Monday, August 21, 2006


This is not so much an original post, as I am merely extrapolating on a point Citizen Arrest made awhile ago.

While most of the time I will go with the slim-line pistol (read 1911) in a IWB configuration, I think there are situations where other utensils are necessary.

I like the MOB for home-carry. Likewise, in the middle of winter, when you can wear a heavy jacket, it makes sense. You can carry a larger pistol, with more capacity.

The reason I thought about this is that there is not a better holster configuration for presentation, outside of a front-break shoulder holster.

That being said, I'm wearing one now and it is comfortable as shit. If you actually have the right belt (which most people don't bother with) you don't even notice it is there. Comfortable, accessable, and useful. You cannot condemn it; or can you?

The only drawback I've ever heard is that LE guys seem to think that if you were to fall on your back, you might have the added risk of really hurting your spine if the middle or SOB holster is utilized. I like them myself, but we don't get to use them very much down here in Texas due to the weather. There was a couple of hours last winter where it dropped below 90.

The Pager Pal seems to be about the best thing to carry a 1911 in these parts, pretty much fully concealed. The Ultra Carry tends to work pretty well with that configuration. However, there is still some bulging issues.

I've found that pocket pistols in this area are the best, with something more substantial in the car. You can almost hide a Tomcat .32 in your shirt pocket.

The NRA is selling a holster shirt on their website that looks like it's got possibilities.

I have to state, right off the bat, that I hate pocket pistols.

Insofar as the LE back damage claim, how often does that happen?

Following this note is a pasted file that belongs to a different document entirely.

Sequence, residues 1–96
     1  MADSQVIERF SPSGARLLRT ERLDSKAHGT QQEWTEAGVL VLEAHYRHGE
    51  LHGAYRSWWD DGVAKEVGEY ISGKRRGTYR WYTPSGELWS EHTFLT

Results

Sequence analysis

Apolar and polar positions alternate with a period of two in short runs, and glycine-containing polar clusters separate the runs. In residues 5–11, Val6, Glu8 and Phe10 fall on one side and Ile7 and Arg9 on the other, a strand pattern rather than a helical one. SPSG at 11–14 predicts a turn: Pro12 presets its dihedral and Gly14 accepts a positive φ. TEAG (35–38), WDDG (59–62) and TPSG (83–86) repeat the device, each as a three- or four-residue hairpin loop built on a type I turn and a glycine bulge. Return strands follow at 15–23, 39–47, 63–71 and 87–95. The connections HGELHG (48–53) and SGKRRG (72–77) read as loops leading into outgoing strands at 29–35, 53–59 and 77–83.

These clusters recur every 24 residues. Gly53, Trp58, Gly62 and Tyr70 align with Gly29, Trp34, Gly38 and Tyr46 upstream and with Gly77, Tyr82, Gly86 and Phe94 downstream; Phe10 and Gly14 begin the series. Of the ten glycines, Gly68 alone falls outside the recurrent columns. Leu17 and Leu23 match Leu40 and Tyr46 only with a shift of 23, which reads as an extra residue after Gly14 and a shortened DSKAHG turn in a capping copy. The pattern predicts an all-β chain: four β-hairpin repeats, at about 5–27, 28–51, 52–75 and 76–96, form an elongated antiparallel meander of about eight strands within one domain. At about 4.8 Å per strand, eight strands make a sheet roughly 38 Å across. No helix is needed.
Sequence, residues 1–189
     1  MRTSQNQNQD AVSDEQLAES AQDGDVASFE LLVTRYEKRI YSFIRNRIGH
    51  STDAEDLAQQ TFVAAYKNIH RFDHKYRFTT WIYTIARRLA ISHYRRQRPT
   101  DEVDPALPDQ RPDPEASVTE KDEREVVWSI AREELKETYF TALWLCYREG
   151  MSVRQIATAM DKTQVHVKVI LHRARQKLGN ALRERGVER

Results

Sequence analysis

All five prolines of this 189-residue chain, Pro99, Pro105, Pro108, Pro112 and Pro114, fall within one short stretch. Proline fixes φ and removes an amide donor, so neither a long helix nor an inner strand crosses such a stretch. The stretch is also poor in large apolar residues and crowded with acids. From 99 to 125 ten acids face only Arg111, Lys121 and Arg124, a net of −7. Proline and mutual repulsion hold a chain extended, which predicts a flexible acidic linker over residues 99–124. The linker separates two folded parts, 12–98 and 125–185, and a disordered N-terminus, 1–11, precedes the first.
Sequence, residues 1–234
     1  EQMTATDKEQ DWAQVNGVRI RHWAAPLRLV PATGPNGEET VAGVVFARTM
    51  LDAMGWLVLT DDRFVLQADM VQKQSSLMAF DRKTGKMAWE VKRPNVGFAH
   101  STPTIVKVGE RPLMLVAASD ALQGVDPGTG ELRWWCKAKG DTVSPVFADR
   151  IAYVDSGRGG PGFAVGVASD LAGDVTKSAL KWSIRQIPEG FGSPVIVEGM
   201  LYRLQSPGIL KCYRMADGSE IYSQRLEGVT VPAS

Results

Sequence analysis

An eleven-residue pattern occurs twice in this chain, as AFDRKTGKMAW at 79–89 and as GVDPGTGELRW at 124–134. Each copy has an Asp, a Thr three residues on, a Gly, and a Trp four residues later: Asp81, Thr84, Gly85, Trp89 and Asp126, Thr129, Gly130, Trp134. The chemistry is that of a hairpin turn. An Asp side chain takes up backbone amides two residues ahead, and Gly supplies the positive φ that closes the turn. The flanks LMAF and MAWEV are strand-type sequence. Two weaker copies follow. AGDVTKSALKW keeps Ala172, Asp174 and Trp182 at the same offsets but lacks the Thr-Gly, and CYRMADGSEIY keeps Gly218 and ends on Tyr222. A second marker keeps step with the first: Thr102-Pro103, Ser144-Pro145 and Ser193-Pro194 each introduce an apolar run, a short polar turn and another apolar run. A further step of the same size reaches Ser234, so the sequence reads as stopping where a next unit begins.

What is a Pager Pal? If it holds a 1911, I am definitely interested.

LEO back damage is a near never, but that's because SoB/MoB carry is against the policy of many police departments for any.

It's very, very rare, in a 'watch out for lightning' sort of way. That said, it's worth being aware of because climbing a rotting tree.

Pager Pals are an interesting IWB carry method that uses a pager-esque decoy to hide the holster clip. You can carry pretty much any small or medium-framed handgun in one, but it's a very... male-centric carry method, and can be very uncomfortable for some individuals.

I'd also note that it's a very bad draw - you have to cross your arm, then the majority of the scene, which is a potential recipe for disaster if you have an itchy trigger finger.

The extra concealment can usually make up for the problems, but they're issues worth being aware of.
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With a bit of practice, you can stick your hands in your pocket and push the gun up, then complete the draw with your shooting hand. They make them in both lefty and righty models.

Slimmer guns are best. The shorty 1911 really works good, and another gun that works because of its geometrics and grip configuration is a WaltherP99. Glocks are a tough deal, as are most sigs, though the 239 will definitely work.

It really does work pretty well. Galco has something similar, but it costs a buttload as most things from them do.

Pocket pistols are sometimes a necessary evil in the hot parts of the world. But you can pretty much be armed anywhere with one, and wearing anything short of a speedo. Better to have a gun than not have one.

The MOB's aren't a bad option, but I dread the possibility of flashing some hysterical lefty by accident. Thus, the pocket pistol with a heavy-hitter that I like more as a backup somewhere, like the car.
Perhaps this won't matter so much since you're presumably packing a holster of one type or another wherever you go -- but I don't, and I've found it really convenient to rely on a frame-mounted clip -- no holster needed -- if I'm gonna be walking around in the yard and want to be armed but not obviously so. On my J-frame S&W I have tried both the Barami HipGrip and the Clipdraw. Both work great for MOB/SOB carry. The Barami is now on my ultra-lightweight 317 .22 for when I need to go cap a backyard varmint my dogs located for me. It holds the lightweight gun very securely. The Clipdraw's on my full-weight 940 because it felt more secure than the Barami. Of course a J-frame fits in a pocket, but I like having options.

Anyway, I think there's a Clipdraw available for 1911s and other semiauto models. (Not for the Desert Eagle, I'd bet.) It makes carrying your piece really handy, no need to muck about with a holster unless you want to.
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